Amongst the nine tracks, it’s “Everything” and “Low Dogg” that present themselves as the record’s highlights. The former is crank-turning baroque pop, revolving around fascinating exercises of polyrhythms where a hyperactive metronome click does little to keep in line a scratchy string section that feels as though it is sporadically jumping between 33 and 45RPM. The latter, interestingly enough, is arguably the most straightforward of the collaborations found on Chopped and Screwed. In a way, this is why it works – not only does it display Levi’s graphic lyricism (“You twist my neck until I snap”) mixed into subtle accessibility, it presents a churning cello and tire-screech violins as viable hooks – instantly recognisable and at an earworm-like level of catchiness. How does it work? Chances are only Mica herself knows.

Chances are you’re not going to hear another album quite like this one in 2011. Just as heads were turned in with Jewellery, Micachu and the Shapes have once again defied expectations by not just pushing the boundaries, but acting as though they don’t exist. If you seek a challenging, exciting listen within modern music, look no further.



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Comments:Add a Comment 
clercqie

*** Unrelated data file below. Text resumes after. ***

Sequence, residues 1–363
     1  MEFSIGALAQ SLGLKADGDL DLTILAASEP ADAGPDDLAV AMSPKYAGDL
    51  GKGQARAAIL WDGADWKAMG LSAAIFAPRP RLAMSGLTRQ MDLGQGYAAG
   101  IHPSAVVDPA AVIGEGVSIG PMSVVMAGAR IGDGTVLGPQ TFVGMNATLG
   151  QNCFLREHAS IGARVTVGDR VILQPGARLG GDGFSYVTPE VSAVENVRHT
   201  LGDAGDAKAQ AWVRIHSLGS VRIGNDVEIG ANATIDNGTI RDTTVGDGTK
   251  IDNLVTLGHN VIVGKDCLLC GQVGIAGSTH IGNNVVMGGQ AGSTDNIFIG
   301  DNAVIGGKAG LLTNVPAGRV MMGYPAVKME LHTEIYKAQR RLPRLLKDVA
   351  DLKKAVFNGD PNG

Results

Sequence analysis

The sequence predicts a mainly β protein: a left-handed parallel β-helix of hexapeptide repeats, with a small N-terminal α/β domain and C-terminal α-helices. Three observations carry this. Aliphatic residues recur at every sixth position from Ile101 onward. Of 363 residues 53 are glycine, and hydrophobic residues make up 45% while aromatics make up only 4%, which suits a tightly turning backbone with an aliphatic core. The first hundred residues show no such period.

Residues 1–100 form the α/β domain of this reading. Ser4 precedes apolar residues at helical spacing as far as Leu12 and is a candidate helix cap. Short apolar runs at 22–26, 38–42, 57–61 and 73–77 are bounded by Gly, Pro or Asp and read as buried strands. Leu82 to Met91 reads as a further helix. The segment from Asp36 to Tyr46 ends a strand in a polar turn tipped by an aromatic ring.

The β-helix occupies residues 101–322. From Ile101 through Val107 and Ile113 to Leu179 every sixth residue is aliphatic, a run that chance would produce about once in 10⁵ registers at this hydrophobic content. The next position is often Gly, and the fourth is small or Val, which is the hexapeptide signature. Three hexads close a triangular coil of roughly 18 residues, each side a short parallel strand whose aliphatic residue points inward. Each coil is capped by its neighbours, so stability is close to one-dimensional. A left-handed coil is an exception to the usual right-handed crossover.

Contributing Reviewer
June 9th 2011


6448 Comments


Sounds interesting. Great read btw.

Digging: Interpol - El Pintor

Tyrael
June 9th 2011


20879 Comments


Great review as always. Pos.

Digging: Darkspace - Dark Space III I

AtavanHalen
June 9th 2011


17927 Comments

Album Rating: 4.5

Thanks dudes

taylormemer
June 9th 2011


4917 Comments


Cool

defjaw83
June 9th 2011


1769 Comments


Need to check this out

darnielle
June 9th 2011


221 Comments

Album Rating: 4.0

zzzzz

AggravatedYeti
June 9th 2011


7685 Comments


While this release is not being officially recognised as the follow-up to Jewellery, it is very much a worthy successor to it.

this didn't impress me as much as the debut but this review of yours makes me feel as though I sincerely missed something here.

AtavanHalen
June 9th 2011


17927 Comments

Album Rating: 4.5

zzzzz


Oi! Pay attention!

conradtao
Emeritus
June 9th 2011


2090 Comments

Album Rating: 4.0

Great review. This got overlooked by a lot of people.

Irving
Staff Reviewer
June 9th 2011


7289 Comments


Hola Atavan; long time no see. This was nice read - as per usual. Have a sentimental and nostalgic pos
=)

Digging: U2 - Songs of Innocence

AtavanHalen
June 10th 2011


17927 Comments

Album Rating: 4.5

aw cool

taylormemer
June 10th 2011


4917 Comments


Next review to bump this into oblivion territory will get a personal destruction from yours truly.

AtavanHalen
June 10th 2011


17927 Comments

Album Rating: 4.5

what the actual fuck are you talking about